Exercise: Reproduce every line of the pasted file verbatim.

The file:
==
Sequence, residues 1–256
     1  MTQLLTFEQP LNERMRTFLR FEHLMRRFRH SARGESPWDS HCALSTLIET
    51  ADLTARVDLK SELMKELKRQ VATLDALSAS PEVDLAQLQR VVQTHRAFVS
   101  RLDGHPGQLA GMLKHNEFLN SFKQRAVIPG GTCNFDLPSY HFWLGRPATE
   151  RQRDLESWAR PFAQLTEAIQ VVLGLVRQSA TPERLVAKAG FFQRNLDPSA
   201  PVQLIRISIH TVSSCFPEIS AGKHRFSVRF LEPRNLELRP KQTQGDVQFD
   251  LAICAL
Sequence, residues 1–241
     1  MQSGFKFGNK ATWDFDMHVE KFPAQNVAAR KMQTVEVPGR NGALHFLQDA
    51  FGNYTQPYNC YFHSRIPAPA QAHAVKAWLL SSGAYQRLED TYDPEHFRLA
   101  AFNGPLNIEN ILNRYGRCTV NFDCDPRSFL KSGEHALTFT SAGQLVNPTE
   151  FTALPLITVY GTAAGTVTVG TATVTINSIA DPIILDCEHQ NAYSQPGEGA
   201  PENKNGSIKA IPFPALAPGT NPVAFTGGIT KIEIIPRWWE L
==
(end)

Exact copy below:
Sequence, residues 1–256
     1  MTQLLTFEQP LNERMRTFLR FEHLMRRFRH SARGESPWDS HCALSTLIET
    51  ADLTARVDLK SELMKELKRQ VATLDALSAS PEVDLAQLQR VVQTHRAFVS
   101  RLDGHPGQLA GMLKHNEFLN SFKQRAVIPG GTCNFDLPSY HFWLGRPATE
   151  RQRDLESWAR PFAQLTEAIQ VVLGLVRQSA TPERLVAKAG FFQRNLDPSA
   201  PVQLIRISIH TVSSCFPEIS AGKHRFSVRF LEPRNLELRP KQTQGDVQFD
   251  LAICAL
Sequence, residues 1–241
     1  MQSGFKFGNK ATWDFDMHVE KFPAQNVAAR KMQTVEVPGR NGALHFLQDA
    51  FGNYTQPYNC YFHSRIPAPA QAHAVKAWLL SSGAYQRLED TYDPEHFRLA
   101  AFNGPLNIEN ILNRYGRCTV NFDCDPRSFL KSGEHALTFT SAGQLVNPTE
   151  FTALPLITVY GTAAGTVTVG TATVTINSIA DPIILDCEHQ NAYSQPGEGA
   201  PENKNGSIKA IPFPALAPGT NPVAFTGGIT KIEIIPRWWE L